Monday, May 30, 2016

Scratch or ready made.

Age old question, ismotmchesoer to buy something or make it from scratch.   Believe it or not , sometimes it is cheaper to buy the ingredient ready made.    The USDA hinted to that when the price of beef went up dramatically.  

In a quest to make more from scratch I did the math.  The recipe for pizza that was published in Woman's Day , used part of a small can of tomato sauce and Italian herbs.  The cost of a can  of tomato sauce lately has been 3/1 .   Which would make about three pizzas.    The cost of a pinch of Italian seasoning is too small to calculate.     That's roughly 11 cents a pizza.   It is not the same taste or texture as real pizza sauce.  

The scratch recipes researched were a lot more.   The lest expensive that is regular pizza sauce is in a jar at the dollar  store.  The problem with it, is that it makes numerous pizzas - if that is a problem.    The solution is to put it in an ice cube tray and freeze it.   It doesn't take long.  Then pop the cubes out and place on a bag and return to freezer.   It takes a few minutes to defrost either on the counter or in the microwave and you are good to go.   It takes about three cubes to make two large pizzas.  

Scratch pizza sauce recipes all came to at least two dollars.    You could freeze them the same, but the cost is more.  

By the way, if you don't have ice cube trays, they are at the dollar store too.   They also have glass small bowls for 4/1 in a package-  that's a fraction of what I paid for mesinplas bowls.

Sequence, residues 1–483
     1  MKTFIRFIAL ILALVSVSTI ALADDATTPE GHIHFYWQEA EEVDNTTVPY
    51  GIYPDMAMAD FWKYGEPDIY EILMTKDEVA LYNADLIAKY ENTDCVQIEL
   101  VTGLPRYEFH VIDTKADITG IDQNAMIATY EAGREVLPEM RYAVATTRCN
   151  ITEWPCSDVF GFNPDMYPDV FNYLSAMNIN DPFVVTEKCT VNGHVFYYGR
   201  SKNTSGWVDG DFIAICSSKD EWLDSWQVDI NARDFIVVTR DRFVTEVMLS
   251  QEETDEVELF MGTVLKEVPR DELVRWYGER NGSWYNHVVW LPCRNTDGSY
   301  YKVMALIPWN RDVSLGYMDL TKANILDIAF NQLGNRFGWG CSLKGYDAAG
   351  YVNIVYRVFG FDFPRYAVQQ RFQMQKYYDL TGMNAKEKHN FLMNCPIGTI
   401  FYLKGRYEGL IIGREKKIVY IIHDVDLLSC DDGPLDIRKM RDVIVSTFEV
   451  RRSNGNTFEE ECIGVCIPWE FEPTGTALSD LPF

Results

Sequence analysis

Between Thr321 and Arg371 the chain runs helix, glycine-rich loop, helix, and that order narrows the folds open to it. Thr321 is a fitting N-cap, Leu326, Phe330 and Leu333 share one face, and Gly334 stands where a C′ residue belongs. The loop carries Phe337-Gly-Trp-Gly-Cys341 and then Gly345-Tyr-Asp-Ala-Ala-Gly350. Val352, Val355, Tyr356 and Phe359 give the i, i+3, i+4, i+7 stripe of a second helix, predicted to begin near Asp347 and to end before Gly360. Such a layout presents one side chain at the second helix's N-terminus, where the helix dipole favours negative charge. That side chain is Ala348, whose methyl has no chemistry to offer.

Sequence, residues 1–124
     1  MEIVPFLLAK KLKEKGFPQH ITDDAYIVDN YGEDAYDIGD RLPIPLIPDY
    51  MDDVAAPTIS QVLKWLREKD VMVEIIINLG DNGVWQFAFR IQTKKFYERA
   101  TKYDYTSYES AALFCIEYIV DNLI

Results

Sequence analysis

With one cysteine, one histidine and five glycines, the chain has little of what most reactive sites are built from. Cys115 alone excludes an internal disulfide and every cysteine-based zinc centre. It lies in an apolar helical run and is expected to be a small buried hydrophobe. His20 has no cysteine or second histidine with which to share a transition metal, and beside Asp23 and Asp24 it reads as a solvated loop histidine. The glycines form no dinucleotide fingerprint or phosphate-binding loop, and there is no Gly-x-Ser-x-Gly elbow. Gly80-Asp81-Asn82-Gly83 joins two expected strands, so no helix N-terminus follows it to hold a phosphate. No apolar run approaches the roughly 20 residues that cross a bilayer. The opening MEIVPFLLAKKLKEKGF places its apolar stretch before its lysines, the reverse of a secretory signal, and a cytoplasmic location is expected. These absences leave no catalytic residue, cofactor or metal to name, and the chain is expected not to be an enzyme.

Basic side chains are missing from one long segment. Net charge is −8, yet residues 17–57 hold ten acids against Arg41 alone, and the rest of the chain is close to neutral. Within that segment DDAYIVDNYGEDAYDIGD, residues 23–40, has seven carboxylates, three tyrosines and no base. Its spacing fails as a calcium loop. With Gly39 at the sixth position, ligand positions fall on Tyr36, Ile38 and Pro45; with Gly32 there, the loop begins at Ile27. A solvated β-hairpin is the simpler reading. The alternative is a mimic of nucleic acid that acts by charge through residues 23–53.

My next attempt - scratch pizza crust .  

I did cost BBQ sauce, that , too is cheaper bought on sale with coupons.  

Kitchen time is best spent on things that either taste way better or are a lot cheaper to make scratch.  

Groceries on the cheap is looking at the Put Dinner On The Table meal train from a different
 Perspective . The  emphasis is on purchasing good food( shelf- stabll/ freezer staples )at the lowest possible cost and purchasing enough to last you until it goes on sale again -- Keeping a controlled non-perishable stock of the things you use on a regular basis. It means that when you shop, rather than purchasing just what you need for a day or a week, you  buy a loss leader protein, produce you will 
need on sale, a stock item if it's a RBP, and dairy instead.    This allows you to put well balanced meals 
on the table consistently  for a four dollar a day budget per person.   You spend more time on the 
planning and shopping end of the meal train and less on the cooking end by cooking efficiently.    

Four dollars a day is the target amount for people on snap.   My premise is that of you can do it on four dollars a day, spending more isn't hard.   You still get more bang for your buck.    

No comments:

Post a Comment